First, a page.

Croup’s Corner – Bitter, historic end to a bitter, historic year

Written By Josh Croup, Sports Columnist

This isn’t how it was supposed to end. Not like this.

There were records broken left and right, and not the records you want mentioned next to your name.

There were injuries to star players at the worst possible times and academic suspensions that, for the second year in a row, proved devastating.

There was optimism and confidence at the beginning of the year that made it seem like the team had something special brewing, even sporting “8-20” on their practice jerseys to serve as motivation to best last year’s record. 

That optimism soon turned into a daily struggle to push forward with fewer and fewer bodies, but there was no giving up through all of the twists and turns throughout the season.

Still, last week was possibly the worst ending to a season in the 51-year history of the Point Park men’s basketball program.

Point Park started the week tied at 33 at the end of the first half with the Rio Grande RedStorm. That quickly developed into a 90-69 loss. Then, the records began to fall at Ohio Christian.

Jalen Hearn entered his senior night with Ohio Christian already with one game against Point Park under his belt this year. He knew he would get a lot of looks at open 3-pointers based on the zone defense he anticipated Point Park bringing back to the floor. He scored 27 the first time the two met in Pittsburgh.

He matched his previous game total with 27 points in the first half alone, all from long range, as he helped his team to a 76-37 advantage at the end of the frame. Point Park scored 77 on the entire game.

Ohio Christian ended the game with 80 more than its opponent by the final buzzer, posting one of the highest single-game scoring efforts in National Association of Intercollegiate Athletics (NAIA) history and shattering the national season-high in NAIA DII by 18 points.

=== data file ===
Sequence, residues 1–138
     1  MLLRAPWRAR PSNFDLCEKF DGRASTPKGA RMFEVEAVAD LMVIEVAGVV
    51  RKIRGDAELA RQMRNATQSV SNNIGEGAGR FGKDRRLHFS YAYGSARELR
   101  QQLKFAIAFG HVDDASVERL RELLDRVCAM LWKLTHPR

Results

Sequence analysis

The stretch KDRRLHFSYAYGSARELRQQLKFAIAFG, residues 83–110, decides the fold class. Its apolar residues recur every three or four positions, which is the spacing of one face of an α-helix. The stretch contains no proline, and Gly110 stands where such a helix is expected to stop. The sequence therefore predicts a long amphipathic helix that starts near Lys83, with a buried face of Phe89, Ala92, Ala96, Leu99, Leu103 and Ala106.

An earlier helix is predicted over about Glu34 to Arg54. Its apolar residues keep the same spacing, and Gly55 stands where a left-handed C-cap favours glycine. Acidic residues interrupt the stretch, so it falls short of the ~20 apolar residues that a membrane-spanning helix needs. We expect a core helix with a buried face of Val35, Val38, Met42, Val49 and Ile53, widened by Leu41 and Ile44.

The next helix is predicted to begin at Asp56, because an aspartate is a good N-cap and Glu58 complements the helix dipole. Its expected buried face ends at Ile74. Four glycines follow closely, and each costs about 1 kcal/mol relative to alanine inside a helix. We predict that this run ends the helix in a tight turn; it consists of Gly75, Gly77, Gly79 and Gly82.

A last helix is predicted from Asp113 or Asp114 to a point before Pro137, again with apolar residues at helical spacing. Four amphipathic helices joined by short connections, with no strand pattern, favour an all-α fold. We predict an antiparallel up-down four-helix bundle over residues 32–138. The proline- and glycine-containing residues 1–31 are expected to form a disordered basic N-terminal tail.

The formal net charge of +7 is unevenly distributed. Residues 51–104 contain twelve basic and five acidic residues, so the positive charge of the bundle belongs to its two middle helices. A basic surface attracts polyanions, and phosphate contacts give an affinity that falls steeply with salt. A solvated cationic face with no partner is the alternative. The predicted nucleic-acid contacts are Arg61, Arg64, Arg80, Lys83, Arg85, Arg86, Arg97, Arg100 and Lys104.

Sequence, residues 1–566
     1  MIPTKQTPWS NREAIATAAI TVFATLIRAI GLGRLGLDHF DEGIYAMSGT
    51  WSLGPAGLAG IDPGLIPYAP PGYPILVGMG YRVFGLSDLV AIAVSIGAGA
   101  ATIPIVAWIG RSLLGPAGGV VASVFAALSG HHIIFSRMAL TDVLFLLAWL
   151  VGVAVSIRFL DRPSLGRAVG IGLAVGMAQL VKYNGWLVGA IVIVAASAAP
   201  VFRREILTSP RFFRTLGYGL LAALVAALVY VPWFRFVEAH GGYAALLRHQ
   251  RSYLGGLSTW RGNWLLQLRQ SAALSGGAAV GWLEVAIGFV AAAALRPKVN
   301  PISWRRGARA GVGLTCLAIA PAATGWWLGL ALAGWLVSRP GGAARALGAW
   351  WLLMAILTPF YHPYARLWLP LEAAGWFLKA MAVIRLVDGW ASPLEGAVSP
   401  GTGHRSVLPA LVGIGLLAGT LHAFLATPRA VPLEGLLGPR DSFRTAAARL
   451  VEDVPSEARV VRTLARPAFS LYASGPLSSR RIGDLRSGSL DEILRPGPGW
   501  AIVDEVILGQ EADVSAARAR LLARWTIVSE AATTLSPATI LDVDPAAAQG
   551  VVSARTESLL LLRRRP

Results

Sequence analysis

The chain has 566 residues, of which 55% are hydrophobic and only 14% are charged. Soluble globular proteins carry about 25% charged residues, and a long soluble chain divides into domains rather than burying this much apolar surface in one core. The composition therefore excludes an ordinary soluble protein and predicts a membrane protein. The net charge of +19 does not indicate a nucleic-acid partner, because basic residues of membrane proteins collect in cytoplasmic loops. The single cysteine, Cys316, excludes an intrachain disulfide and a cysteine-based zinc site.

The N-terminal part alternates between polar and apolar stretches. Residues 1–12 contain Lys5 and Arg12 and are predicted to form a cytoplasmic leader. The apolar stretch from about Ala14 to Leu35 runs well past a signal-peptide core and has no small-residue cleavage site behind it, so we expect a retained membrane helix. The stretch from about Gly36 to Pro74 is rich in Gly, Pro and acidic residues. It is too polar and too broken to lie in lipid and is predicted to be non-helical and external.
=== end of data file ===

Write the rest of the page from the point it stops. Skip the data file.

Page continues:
Hearn set the NAIA record with the most 3-pointers in a game with 19, recording this year’s national single-game best 59 points in the win. The previous season high in the NAIA this year was 51 and the previous season mark for the most treys was 12.

He knew he was close during the second half when teammates told him he was two away from setting the record. He hit his 19th shot on his 26th attempt from outside with six minutes left in the game and sat out the rest of the contest.

Hearn wasn’t born when the NAIA record of 18 3-pointers was set in 1996 on 30 attempts by Chad Bickley of Christian Heritage College, now named San Diego Christian College.

Even without Hearn’s 59 points, Ohio Christian still would have won by 21. He could have stopped shooting, as could the rest of his team. He told The Globe that the team used the game to prepare for its next game against Indiana University East (IU East), the top team in the conference and the No. 2 team in the NAIA. IU East won that contest 92-68.

“We didn’t try to play down to the competition,” Hearn said. “I know it sucks for them that they didn’t have a lot of guys to play. I know as a competitor, I wish they would have had more to play. We just continued to take it as a stepping stone to continue to grow.”

West Virginia Tech delivered the final blow to Point Park two days later with a 130-76 win, tied for the sixth-highest scoring output in NAIA DII basketball this year.

The loss against West Virginia Tech extended Point Park’s program-long losing streak to 15 and set the record for the most points allowed by the Pioneers in consecutive games with 287, topping the previous high of 254 points allowed in 2010.

Point Park allowed a program-record 96.9 points per game this year after allowing 92.2 points per game last year, which now stands as the third-highest mark in team history.

The Point Park seniors deserved a better ending, but still provided leadership when most would have turned their backs.

Gavin Rajahpillay, the leader of the club for the past two seasons, goes out with 779 career points and a bright future in basketball as a youth mentor. The story of Rushan Roberts was detailed in The Globe two weeks ago and is just getting started. He ended his college career playing the best basketball of his life.

Fousenni Konate ended his career with 530 rebounds and 623 points in his three-year career that was cut short due to a concussion suffered against Carlow two weeks ago. Konate, who comes from a large basketball family is the longest tenured player on the current roster, will be remembered for his dunks, blocks and endless supply of reserved positive energy on and off the court.

When one player on this team had success, particularly the seniors, they often pushed it off to their teammates.

Hearn did much of the same with his performance, giving most of the credit to the defense that made stops and got the ball to him in transition in order to find open shots. He had one important message for the Point Park squad that was at the wrong end of his record-setting senior night.

“Don’t take it for granted. Not everyone gets to play college basketball,” Hearn said. “Whether you’re winning or not, you should always put your best foot forward because there are people that want your position. You should always cherish it.”